Florence and the Drones

By DAVID BROOKS, New York Times

This winter I’m taking part in a great course at Yale called Grand Strategy. We’re reading strategic thought from Sun Tzu and Pericles straight through to Churchill and George F. Kennan. This week we read Machiavelli.

Machiavelli is a tonic because he counteracts the sentiments of our age. We’re awash in TV news segments celebrating the human spirit, but Machiavelli had a lower estimation of our worth. “For it may be said of men in general that they are ungrateful, voluble, dissemblers, anxious to avoid danger and covetous of gain,” he writes in “The Prince.”

“It needs to be taken for granted that all men are wicked and that they will always give vent to the malignity that is in their minds when opportunity offers,” he adds in “The Discourses.”

The conventional view is that Machiavelli believed that since people are brutes then everything is permitted. Leaders should do anything they can to hold power. The ends justify the means.

In fact, Machiavelli was a moralistic thinker. He wrote movingly of his love for his city, Florence. His vision of a great and unified Italy was romantic and idealistic. He barely goes a page without some appeal to honor and virtue.

He just had a different concept of political virtue. It would be nice, he writes, if a political leader could practice the Christian virtues like charity, mercy and gentleness and still provide for his people. But, in the real world, that’s usually not possible. In the real world, a great leader is called upon to create a civilized order for the city he serves. To create that order, to defeat the forces of anarchy and savagery, the virtuous leader is compelled to do hard things, to take, as it were, the sins of the situation upon himself.

The leader who does good things cannot always be good himself. Sometimes bad acts produce good outcomes. Sometimes a leader has to love his country more than his soul.

Since a leader is forced by circumstances to do morally suspect things, Machiavelli at least wants him to do them effectively. Machiavelli is full of advice. If you have to do something cruel, do it fast; if you get to do something generous, do it slowly. If you lead a country, you have more to fear from the scheming elites than the masses, so you should try to form an alliance with the people against the aristocracy.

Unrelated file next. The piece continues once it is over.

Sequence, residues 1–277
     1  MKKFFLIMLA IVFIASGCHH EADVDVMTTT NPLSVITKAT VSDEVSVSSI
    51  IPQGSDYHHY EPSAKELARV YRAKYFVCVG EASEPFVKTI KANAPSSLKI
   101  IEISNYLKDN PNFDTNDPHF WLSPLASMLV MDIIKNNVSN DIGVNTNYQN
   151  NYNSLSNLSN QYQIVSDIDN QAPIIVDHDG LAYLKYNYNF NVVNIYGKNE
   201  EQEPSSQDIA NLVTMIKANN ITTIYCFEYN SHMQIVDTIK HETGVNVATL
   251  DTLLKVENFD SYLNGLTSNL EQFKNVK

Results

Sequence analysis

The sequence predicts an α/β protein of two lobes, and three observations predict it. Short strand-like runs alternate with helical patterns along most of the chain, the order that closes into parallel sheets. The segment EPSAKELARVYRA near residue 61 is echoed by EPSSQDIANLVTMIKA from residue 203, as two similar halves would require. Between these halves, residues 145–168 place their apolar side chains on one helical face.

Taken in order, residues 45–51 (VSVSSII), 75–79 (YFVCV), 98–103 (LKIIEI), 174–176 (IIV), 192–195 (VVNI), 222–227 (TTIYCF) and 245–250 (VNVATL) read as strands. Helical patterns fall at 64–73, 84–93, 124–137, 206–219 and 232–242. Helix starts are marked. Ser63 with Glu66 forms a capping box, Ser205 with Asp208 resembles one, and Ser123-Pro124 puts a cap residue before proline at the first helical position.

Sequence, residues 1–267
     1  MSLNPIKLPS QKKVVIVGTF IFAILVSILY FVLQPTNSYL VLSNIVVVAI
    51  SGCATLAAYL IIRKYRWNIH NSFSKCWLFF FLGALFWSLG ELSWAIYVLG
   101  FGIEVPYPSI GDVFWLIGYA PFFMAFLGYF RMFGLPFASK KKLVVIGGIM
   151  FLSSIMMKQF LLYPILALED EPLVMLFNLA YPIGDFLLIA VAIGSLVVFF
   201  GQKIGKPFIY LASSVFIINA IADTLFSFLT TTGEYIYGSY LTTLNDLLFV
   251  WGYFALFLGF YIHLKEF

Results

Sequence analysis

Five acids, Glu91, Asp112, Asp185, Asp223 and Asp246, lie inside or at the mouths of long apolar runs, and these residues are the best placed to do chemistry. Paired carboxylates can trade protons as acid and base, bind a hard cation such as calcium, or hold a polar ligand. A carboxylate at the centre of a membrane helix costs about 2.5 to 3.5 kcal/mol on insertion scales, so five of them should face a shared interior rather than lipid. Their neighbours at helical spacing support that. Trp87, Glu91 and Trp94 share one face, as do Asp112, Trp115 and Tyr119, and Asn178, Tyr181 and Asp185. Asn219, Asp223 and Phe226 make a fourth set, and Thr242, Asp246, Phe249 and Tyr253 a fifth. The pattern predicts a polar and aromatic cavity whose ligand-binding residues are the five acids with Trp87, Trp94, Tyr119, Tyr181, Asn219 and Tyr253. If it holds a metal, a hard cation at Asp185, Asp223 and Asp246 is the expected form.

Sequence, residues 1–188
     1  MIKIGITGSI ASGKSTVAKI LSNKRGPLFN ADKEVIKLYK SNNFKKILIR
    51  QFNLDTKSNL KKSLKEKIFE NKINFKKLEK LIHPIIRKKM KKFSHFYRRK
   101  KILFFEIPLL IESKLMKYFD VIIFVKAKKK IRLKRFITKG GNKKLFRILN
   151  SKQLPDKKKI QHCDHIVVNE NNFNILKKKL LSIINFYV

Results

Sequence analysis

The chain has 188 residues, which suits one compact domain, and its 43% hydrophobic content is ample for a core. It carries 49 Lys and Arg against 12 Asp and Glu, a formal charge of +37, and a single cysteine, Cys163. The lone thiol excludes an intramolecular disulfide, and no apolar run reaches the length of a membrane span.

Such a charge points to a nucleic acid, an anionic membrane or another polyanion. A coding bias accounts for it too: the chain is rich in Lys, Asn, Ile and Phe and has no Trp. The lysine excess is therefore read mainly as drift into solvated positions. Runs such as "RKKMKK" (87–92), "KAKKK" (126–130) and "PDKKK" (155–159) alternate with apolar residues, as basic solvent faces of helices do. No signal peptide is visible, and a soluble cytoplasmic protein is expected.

When you read Machiavelli, you realize how lucky we are. Unlike 16th-century Florence, we have a good Constitution that channels conflict. We have manners, respect for law and social trust that softens behavior, at least a bit. Even in the realm of foreign affairs, we’ve inherited an international order that restrains conflict. Our ancestors behaved savagely to build our world, so we don’t have to.

But it’s still not possible to rule with perfectly clean hands. There are still terrorists out there, hiding in the shadows and plotting to kill Americans. So even today’s leaders face the Machiavellian choice: Do I have to be brutal to protect the people I serve? Do I have to use drones, which sometimes kill innocent children, in order to thwart terror and save the lives of my own?

When Barack Obama was a senator, he wasn’t compelled to confront the brutal logic of leadership. Now in office, he’s thrown into the Machiavellian world. He’s decided, correctly, that we are in a long war against Al Qaeda; that drone strikes do effectively kill terrorists; that, in fact, they inflict fewer civilian deaths than bombing campaigns, boots on the ground or any practical alternative; that, in fact, civilian death rates are dropping sharply as the C.I.A. gets better at this. Acting brutally abroad saves lives at home.

Still, there’s another aspect of Machiavellian thought relevant to the drone debate. This is a core weakness in his thought. He puts too much faith in the self-restraint of his leaders. Machiavelli tells us that men are venal self-deceivers, but then he gives his Prince permission to do all these monstrous things, trusting him not to get carried away or turn into a monster himself.

Our founders were more careful. Our founders understood that leaders are as venal and untrustworthy as anybody else. They abhorred concentrated power, and they set up checks and balances to disperse it.

Our drone policy should take account of our founders’ superior realism. Drone strikes are so easy, hidden and abstract. There should be some independent judicial panel to review the kill lists. There should be an independent panel of former military and intelligence officers issuing reports on the program’s efficacy.

If you take Machiavelli’s tough-minded view of human nature, you have to be brutal to your enemies — but you also have to set up skeptical checks on the people you empower to destroy them.

http://www.nytimes.com/2013/02/08/opinion/brooks-florence-and-the-drones.html?nl=todaysheadlines&emc=edit_th_20130208&_r=0